Living with a condition that affects your daily life is no fun—ask anyone who has one. And Irritable Bowl Syndrome, or IBS, is the most common gastrointestinal disorder, affecting about 10-15 percent of people worldwide, according to the International Foundation for Functional Gastrointestinal Disorders.

Among the people who have it, 40 percent of people report their symptoms are mild, 35 percent have moderate symptoms, and 25 percent have severe symptoms.

No matter which bracket you fall into, IBS is no joke. It can cause all sorts of unpleasant symptoms, from extreme bloating and cramps to painful bowel movements and more. And the most frustrating part about it? There’s no magic cure for it. You really have to take a personalized approach to getting your symptoms under control.

But first, you have to determine which kind of IBS you have: IBS-D (Diarrhea) , where diarrhea is your prominent symptom, or IBS-C (Constipation), where constipation takes the lead.

Once you figure that out – and when you’re feeling like you’re about to lose it – you can start making moves to soothe your symptoms.

Help for IBS-D

The biggest thing people who have IBS-D can do is moderate what they eat. Certain foods make you go more than others. For example, most people with IBS-D need to be aware of eating too much fiber. (Fiber is still an important part of any diet; just don’t go overboard.)

The best kind of fiber for people with IBS-D is soluble fiber because it takes longer to leave your digestive system. You can find soluble fiber in foods like oat bran, barley, certain beans, etc.

If you find your symptoms aren’t going away, there are several over-the-counter medicines you can take, such as Pepto-Bismol or Imodium. This will help the diarrhea, but probably not other symptoms, like stomach pain or bloat. If you have severe IBS-D, your doctor may prescribe you something stronger.

Help for IBS-C

Unlike people with IBS-D, people with IBS-C should try consuming more fiber, which can help soften your stool and help you go. Try upping your intake of foods like breads, whole grains, cereals, fruits, vegetables, and beans.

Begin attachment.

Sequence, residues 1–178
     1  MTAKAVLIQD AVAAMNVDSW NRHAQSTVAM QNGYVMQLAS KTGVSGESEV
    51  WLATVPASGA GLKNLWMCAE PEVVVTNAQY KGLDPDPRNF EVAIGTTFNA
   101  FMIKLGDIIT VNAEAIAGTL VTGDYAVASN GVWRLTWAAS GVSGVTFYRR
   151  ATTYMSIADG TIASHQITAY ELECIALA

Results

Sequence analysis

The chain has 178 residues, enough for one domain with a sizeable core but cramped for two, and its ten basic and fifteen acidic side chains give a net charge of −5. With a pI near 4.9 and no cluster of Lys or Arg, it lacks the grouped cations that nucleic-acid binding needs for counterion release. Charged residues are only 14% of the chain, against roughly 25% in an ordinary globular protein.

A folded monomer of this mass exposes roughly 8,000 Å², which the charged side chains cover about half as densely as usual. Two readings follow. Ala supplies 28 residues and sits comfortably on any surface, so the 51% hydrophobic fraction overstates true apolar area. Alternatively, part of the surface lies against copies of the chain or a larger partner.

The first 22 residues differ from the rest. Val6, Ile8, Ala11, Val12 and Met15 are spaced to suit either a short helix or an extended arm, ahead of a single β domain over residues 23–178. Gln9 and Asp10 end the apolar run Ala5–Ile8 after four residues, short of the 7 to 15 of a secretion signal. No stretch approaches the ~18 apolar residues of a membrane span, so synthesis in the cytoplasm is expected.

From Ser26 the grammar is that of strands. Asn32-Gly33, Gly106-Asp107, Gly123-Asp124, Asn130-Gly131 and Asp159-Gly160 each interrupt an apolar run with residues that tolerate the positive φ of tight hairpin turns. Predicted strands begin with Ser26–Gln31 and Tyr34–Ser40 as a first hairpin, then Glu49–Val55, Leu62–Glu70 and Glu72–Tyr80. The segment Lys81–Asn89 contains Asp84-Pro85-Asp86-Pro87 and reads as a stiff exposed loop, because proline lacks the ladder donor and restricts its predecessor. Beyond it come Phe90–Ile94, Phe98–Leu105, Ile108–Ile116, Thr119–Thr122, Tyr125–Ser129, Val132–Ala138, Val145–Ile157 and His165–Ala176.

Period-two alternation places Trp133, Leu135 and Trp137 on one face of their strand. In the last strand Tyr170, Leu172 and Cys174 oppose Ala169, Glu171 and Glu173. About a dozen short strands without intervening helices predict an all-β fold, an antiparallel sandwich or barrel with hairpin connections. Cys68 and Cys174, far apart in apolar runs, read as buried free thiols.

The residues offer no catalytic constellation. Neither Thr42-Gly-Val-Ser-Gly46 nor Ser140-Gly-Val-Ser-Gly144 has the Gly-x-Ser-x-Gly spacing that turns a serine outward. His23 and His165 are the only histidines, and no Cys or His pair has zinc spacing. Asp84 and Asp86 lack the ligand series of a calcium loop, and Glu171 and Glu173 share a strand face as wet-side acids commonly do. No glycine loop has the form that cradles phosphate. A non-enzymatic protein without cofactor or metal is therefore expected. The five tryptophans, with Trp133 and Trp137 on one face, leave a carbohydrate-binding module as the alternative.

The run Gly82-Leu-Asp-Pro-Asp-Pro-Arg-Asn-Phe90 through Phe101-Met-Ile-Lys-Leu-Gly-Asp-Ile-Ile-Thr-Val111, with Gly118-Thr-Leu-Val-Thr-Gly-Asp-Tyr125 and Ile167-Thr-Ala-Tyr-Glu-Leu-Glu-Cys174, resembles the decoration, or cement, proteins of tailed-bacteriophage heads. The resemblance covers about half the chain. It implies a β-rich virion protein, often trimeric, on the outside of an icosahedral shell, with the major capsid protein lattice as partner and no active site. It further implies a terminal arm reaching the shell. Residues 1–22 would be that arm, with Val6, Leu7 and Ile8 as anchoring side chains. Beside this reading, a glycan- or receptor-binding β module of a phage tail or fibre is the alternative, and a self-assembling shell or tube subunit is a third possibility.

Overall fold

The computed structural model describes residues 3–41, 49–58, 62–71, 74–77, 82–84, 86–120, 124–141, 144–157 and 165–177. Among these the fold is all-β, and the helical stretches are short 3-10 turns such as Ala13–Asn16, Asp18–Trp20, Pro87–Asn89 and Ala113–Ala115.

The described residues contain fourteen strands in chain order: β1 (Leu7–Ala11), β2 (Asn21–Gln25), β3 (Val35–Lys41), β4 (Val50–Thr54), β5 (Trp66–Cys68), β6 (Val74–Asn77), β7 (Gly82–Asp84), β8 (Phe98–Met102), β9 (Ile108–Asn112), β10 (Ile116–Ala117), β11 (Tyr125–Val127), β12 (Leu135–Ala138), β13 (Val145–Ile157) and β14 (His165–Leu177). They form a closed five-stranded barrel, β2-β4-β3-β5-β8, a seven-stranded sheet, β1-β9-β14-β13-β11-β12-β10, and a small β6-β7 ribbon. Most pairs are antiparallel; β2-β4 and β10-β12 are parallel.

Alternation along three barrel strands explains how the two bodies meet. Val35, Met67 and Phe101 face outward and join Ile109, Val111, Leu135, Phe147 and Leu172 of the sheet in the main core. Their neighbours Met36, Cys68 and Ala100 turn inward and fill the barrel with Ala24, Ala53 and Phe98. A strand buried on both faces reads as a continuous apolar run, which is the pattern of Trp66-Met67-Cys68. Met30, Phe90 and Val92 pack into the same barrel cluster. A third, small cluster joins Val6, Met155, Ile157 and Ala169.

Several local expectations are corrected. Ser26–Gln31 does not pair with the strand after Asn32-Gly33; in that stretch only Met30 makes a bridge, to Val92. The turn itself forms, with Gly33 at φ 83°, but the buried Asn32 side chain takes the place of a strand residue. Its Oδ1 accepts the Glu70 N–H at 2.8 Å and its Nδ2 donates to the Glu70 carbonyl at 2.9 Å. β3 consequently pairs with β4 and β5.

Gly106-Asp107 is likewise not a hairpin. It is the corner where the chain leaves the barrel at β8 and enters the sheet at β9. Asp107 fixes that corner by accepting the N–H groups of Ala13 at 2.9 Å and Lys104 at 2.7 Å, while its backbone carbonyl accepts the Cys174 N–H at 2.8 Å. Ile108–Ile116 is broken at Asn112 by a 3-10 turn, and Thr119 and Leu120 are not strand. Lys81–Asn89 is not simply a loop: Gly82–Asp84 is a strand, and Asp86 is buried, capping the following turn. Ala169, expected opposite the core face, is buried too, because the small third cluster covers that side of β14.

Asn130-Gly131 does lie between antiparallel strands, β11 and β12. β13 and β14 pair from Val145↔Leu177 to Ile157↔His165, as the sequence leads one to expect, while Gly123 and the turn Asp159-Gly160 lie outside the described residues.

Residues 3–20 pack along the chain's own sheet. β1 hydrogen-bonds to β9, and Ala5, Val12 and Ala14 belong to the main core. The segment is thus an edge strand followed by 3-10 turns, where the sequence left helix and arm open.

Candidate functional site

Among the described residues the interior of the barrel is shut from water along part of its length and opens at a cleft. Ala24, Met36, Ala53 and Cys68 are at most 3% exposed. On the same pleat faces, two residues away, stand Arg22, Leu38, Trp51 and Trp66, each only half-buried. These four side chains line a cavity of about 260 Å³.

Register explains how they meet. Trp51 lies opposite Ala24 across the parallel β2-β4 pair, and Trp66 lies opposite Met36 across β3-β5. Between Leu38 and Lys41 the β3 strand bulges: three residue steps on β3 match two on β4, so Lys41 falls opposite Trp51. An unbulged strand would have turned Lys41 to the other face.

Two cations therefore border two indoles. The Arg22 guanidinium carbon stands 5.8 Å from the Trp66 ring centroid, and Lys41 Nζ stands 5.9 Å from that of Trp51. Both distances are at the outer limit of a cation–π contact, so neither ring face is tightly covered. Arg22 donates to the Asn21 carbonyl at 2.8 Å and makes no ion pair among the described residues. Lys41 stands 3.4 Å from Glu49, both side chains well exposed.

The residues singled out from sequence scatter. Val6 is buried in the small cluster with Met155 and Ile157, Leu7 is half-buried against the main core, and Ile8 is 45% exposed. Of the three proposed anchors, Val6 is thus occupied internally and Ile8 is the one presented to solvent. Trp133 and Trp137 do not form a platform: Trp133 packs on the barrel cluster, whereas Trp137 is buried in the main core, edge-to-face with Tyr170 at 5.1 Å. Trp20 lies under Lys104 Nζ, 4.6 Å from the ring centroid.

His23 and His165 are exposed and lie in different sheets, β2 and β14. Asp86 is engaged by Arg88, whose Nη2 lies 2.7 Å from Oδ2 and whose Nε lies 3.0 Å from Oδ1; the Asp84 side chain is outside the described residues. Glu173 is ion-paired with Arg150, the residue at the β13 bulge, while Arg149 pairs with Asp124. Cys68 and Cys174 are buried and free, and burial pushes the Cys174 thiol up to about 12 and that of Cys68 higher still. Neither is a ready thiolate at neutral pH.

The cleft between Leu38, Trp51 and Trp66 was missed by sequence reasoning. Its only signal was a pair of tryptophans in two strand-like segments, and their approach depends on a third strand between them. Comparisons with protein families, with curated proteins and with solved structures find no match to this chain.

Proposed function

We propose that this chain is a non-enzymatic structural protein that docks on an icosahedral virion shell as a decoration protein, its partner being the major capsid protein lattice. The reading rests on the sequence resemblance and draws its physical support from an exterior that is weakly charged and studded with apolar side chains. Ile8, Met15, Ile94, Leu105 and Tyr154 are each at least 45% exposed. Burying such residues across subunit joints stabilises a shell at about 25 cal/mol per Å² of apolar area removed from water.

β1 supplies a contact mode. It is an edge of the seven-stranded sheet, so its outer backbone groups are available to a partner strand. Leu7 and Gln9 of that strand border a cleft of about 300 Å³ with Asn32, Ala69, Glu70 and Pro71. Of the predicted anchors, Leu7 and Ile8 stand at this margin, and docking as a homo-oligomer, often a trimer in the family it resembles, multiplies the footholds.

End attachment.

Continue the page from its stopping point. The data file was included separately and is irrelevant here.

Of course, that doesn’t mean eating all of these in one sitting—add the fiber back into your diet gradually. Otherwise, you risk even more intense gas, bloat, and other un-fun bodily functions.

Additionally, try drinking less coffee or alcohol, and cut back on processed foods such as chips, cookies, and white bread. These can slow down your bowel movements, causing constipation to worsen.

If changing up your diet still isn’t working, ask your doctor about taking an over-the-counter laxative, or a prescription.

Help for both kinds of IBS

Stress worsen symptoms of IBS, so be sure to take time to yourself, breathe, and relax, if you can. Things that can help include exercise, meditation, listening to music, or taking a bath. If you’re able, set up an appointment with a behavioral therapist, who can teach you how to manage your stress, and thus, your pain.

For quick relief of symptoms such as stomach pain or bloat, try applying heat, such as a heating pad, to the pain. Additionally, some say drinking tea can help soothe your stomach (especially for those with IBS-C).

Once you can identify what triggers your IBS, then you can figure out how to go about managing your symptoms. To learn more about this, check out the video below, featuring Lisa Gangjhu, MD, a gastroenterologist at NYU Langone Health.

Do you or someone you know have IBS? How did you or they find relief?